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Employers Want These Traits in Entry-Level Hires

Honing a skill and being tech-forward are just a couple traits that will help you break in

If you’re new to the job market and seeking your first “real” job, you’re probably wondering: What exactly do employers want in entry-level hires?

That’s probably especially true if you’re just getting out of college; those years on campus probably filled you with book knowledge and plenty of high hopes for the future, but very little idea of what abilities the people you’ll be working for want you to have.

Here’s a crash course on what employers desire in new grads, and how you can give it to them, straight from Jeffrey J. Selingo’s hot-off-the-presses book There Is Life After College.

1. Be a ‘Learning Animal’

Unlike the task-based routines of your college career, such as due dates and tests, the working world is a lot more unstructured with “competing priorities and decisions that need to be made on the fly,” writes Selingo. Employers are looking for candidates who are flexible about how they learn, who have ideas and who actually get stuff done.

“We need people who are creative, curious, whose brains are wired to constantly ask what’s next,” says a Hollywood executive that Selingo quotes. “What we need are learning animals.”

2. Master One Skill

Although in the past employers may have sought out well-rounded jacks-of-all-trades, Selingo reports employers are now searching for candidates who have truly mastered one skill.

“We want to see that they have a passion,” says Adam Ward, Pinterest’s head of recruiting, in a quote in Selingo’s book, “and they show proficiency and go deep in it.”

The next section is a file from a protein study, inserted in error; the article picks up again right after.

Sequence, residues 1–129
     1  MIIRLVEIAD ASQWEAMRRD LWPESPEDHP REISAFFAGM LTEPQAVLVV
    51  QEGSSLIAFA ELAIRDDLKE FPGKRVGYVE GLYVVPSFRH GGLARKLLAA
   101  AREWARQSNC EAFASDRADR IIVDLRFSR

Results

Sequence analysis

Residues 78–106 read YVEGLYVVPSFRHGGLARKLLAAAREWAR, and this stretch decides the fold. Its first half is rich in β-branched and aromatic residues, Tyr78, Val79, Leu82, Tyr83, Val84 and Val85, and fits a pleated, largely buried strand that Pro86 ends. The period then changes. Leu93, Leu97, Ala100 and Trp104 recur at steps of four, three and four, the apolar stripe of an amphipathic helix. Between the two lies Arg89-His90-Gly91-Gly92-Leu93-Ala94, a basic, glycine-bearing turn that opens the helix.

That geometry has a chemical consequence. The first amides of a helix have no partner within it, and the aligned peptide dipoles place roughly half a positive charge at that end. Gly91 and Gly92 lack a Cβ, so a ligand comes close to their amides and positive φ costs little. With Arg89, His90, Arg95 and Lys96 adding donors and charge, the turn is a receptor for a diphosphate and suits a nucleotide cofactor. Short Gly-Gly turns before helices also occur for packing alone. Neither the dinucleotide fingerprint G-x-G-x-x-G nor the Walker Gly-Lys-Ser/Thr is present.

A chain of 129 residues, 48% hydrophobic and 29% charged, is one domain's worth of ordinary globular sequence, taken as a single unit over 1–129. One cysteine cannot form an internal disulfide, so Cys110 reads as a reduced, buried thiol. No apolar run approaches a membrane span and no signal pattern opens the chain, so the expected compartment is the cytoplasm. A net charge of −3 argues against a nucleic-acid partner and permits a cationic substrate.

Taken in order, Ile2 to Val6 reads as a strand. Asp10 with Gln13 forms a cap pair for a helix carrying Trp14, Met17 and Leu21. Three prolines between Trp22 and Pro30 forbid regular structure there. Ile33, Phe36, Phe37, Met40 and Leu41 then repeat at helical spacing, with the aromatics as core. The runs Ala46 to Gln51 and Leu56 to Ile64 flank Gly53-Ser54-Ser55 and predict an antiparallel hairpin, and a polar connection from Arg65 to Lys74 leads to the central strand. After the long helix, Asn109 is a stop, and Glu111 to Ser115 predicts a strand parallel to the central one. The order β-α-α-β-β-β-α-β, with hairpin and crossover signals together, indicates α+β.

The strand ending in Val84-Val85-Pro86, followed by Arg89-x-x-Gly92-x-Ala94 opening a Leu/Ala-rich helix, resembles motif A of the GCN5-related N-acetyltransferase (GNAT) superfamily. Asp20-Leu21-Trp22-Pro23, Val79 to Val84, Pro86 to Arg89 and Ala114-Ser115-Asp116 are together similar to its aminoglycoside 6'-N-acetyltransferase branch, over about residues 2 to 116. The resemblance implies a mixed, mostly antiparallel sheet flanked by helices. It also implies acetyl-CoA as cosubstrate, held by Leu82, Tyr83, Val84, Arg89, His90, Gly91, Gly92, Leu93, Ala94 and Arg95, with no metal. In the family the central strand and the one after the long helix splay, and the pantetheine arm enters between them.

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3. Be Digitally Active

Even though you’re considered a “tech native,” employers want more than just the passive appreciation of tech and data from new candidates. Rather than simply understanding the what behind machines and programs, it’s important you understand the how and why.

This means learning some basic coding and having an understanding of data and analytics. Learning programming today is similar to learning a second language last century, write Selingo: “You might not become proficient enough to move overseas, but you could get by if you traveled to a particular country.”

4. Embrace Ambiguity

As you break into the workforce, you’ll quickly learn that the tasks you’re given may not be as clearly defined as an assignment in a class. Employers seek out candidates who can navigate the areas in between work tasks, taking on things that weren’t asked of them in order to get the job done.

“Excelling at any job is about doing the things you weren’t asked to do,” says Mary Egan, founder of Seattle–based startup Gatheredtable in a quote in Selingo’s book. “The more you can do to clear off your boss’s plate and free up his or her days, the more valuable you become to the organization.”

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